In about something less than one in twenty households in the US that actually hang art on their walls, you are likely to find a Picasso print or two. He and his consequences need to be explained. In other forums, whenever anyone points out that Picasso was really not very skilled, there seem to be several minions of the mediocre who have to rush in and carefully “explain” how that is not so.

The industrious champions of skillessness will provide links to the same old crappy work Picasso did when he was a young teenager. These are supposed to show just how talented he really was, but in fact only show that when he was fourteen he could paint like the average sixteen year old art student of the era.

We will see the same old beginner errors. We’ll see that same, ugly heavy handedness he never overcame his entire life. Picasso never did learn how light will diffract on the edges of objects and so he always tended to juxtapose his lightest lights and darkest darks in a naíve effort to separate objects from the background to the foreground. He never did overcome his inability to draw conic sections. He never really got perspective. Always his paint is over blended or under-blended.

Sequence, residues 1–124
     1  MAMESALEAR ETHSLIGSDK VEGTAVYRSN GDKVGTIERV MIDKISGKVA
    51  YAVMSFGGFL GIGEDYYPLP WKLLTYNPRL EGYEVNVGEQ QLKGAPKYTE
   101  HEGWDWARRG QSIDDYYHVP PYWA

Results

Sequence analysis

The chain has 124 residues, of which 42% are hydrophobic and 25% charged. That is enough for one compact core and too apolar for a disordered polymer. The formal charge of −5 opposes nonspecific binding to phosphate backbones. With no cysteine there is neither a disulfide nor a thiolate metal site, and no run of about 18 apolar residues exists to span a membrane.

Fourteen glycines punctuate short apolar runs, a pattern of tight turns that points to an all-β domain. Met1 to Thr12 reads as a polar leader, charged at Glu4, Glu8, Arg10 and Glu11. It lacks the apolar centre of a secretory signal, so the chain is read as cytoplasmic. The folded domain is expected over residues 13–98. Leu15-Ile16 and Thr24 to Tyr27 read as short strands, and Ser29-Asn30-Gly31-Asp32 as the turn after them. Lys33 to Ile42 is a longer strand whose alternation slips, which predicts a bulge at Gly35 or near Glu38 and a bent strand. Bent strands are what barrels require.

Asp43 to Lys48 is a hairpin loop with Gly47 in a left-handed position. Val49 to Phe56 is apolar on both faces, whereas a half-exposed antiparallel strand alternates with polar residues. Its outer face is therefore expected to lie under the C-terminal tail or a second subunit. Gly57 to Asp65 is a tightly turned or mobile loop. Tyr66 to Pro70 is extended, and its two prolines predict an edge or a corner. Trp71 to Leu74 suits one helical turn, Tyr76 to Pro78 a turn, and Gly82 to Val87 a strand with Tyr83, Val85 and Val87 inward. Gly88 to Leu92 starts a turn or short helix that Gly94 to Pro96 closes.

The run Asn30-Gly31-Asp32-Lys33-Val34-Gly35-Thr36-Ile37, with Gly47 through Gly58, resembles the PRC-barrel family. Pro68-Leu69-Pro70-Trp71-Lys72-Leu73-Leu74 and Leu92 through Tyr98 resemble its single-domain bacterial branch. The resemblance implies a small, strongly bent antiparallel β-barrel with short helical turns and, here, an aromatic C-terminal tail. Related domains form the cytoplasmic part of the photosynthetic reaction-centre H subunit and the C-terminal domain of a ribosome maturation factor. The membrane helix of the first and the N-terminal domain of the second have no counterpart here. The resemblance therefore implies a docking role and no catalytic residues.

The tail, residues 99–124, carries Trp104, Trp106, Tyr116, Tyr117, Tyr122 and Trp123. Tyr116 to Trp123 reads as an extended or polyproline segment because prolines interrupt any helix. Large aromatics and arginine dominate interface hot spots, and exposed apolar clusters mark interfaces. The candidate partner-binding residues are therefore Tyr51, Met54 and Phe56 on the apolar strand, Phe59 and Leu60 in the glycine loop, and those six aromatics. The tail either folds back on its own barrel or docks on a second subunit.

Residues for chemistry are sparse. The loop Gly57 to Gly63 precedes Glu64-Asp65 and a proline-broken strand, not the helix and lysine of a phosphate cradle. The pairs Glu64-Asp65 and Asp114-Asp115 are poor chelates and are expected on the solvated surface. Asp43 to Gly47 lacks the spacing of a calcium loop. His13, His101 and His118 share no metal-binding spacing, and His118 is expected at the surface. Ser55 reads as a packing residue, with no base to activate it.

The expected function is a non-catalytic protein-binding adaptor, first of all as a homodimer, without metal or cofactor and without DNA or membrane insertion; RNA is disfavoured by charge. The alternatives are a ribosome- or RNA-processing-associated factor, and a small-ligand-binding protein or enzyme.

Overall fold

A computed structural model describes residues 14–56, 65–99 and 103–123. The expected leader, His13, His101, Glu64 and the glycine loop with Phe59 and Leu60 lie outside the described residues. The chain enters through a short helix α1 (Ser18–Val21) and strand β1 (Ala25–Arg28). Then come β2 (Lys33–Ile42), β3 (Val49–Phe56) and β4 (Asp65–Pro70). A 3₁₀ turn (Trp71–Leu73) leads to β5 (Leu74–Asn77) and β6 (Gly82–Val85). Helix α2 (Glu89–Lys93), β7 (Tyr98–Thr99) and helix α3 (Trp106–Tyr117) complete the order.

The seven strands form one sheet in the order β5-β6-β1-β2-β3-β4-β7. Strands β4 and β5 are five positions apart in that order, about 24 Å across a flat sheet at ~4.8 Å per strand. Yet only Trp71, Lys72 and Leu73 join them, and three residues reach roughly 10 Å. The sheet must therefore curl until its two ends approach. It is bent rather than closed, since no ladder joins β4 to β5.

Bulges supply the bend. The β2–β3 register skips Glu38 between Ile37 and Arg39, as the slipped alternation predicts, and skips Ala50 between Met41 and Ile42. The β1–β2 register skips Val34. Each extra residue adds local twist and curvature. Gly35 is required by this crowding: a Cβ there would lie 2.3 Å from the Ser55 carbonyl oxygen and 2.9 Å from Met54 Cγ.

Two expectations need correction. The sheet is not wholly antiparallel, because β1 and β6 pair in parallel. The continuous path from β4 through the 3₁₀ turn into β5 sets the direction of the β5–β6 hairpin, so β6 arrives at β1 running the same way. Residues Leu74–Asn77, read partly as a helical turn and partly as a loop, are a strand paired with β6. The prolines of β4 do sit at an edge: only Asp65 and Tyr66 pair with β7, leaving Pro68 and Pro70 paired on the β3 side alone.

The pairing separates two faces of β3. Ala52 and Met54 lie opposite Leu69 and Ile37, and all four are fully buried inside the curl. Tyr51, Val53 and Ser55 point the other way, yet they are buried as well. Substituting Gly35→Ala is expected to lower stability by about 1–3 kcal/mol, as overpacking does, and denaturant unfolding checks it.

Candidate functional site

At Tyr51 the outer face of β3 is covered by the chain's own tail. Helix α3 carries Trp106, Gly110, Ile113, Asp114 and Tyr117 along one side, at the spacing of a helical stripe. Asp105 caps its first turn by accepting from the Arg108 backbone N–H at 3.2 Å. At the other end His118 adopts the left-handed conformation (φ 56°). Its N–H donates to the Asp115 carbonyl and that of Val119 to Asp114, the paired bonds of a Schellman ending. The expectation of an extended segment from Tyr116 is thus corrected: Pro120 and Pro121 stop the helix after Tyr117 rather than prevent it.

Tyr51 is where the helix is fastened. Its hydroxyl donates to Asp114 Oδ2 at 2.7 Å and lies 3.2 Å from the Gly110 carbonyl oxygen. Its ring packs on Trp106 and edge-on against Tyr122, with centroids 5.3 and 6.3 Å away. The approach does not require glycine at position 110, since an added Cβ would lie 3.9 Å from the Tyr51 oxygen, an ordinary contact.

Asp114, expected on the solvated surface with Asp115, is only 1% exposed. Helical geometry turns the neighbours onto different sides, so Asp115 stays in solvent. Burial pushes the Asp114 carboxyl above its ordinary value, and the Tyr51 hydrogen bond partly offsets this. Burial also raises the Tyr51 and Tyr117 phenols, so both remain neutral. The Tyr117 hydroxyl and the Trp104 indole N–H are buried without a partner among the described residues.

It’s all so obvious to anyone who really can draw and paint. So obvious, that to us, protestations to the contrary are used as shibboleths.

[Short definition: A shibboleth is code used to test whether someone is really a part of a group or not. For example, anyone who says, “You know, time is the fourth dimension,” reveals that he or she is not a scientist and indeed, really does not know much about math.]

So “Picasso was an extremely skillful painter” is a shibboleth that indicates the person does not really know how to draw or paint.

But still, regarding Picasso, there will be those same old versions of quotes from writers who did not know how to paint or draw like Gore Vidal, Henry Miller, and Gertrude Stein about what a gre e e eat draftsman he was.

All that misses the whole point.

It’s not that Picasso wasn’t a great artist. He was.

He was a great artist because he could achieve powerful communications. He was not a great artist because of his technique. He was a great artist despite his crude, even disgusting, lack of skill.

Picasso accumulated a fan club of hyperbole wielding people who, like him, wanted “not to create art, but destroy it.”